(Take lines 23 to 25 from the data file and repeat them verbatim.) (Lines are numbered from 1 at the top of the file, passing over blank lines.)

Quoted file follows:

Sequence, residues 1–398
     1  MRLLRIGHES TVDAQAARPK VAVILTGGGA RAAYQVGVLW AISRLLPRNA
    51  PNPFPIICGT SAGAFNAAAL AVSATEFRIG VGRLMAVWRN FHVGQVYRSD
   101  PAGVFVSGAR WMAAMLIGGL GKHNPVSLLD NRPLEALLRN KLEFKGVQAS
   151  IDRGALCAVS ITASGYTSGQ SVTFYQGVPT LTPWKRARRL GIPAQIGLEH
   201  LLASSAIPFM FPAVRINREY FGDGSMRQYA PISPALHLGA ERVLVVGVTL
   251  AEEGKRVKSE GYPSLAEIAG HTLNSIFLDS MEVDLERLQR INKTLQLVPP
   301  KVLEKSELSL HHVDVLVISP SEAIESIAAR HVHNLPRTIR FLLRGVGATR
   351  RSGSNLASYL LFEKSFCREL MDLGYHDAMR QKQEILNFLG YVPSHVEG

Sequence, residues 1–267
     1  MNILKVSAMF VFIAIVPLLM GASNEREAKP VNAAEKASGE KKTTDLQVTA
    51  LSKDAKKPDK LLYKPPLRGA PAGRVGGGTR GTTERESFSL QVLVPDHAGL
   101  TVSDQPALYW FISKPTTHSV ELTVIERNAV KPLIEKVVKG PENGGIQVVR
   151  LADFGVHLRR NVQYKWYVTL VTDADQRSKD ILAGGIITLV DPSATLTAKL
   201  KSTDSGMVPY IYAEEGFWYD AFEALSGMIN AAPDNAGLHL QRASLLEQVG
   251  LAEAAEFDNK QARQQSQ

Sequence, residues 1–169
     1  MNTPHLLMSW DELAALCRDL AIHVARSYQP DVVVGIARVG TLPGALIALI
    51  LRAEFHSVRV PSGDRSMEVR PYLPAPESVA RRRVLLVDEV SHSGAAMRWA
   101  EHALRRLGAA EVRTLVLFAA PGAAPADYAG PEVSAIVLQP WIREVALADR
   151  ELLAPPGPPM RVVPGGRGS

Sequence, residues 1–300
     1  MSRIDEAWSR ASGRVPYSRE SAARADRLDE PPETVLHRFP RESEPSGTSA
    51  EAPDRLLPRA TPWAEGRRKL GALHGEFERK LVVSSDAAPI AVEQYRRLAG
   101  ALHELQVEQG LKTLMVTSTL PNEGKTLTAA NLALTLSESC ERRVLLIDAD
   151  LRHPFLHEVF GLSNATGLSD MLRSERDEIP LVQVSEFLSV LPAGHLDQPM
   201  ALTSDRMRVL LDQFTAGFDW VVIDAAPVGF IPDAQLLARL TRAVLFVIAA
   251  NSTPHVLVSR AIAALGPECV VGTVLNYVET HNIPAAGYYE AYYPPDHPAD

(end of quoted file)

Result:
     1  MSRIDEAWSR ASGRVPYSRE SAARADRLDE PPETVLHRFP RESEPSGTSA
    51  EAPDRLLPRA TPWAEGRRKL GALHGEFERK LVVSSDAAPI AVEQYRRLAG
   101  ALHELQVEQG LKTLMVTSTL PNEGKTLTAA NLALTLSESC ERRVLLIDAD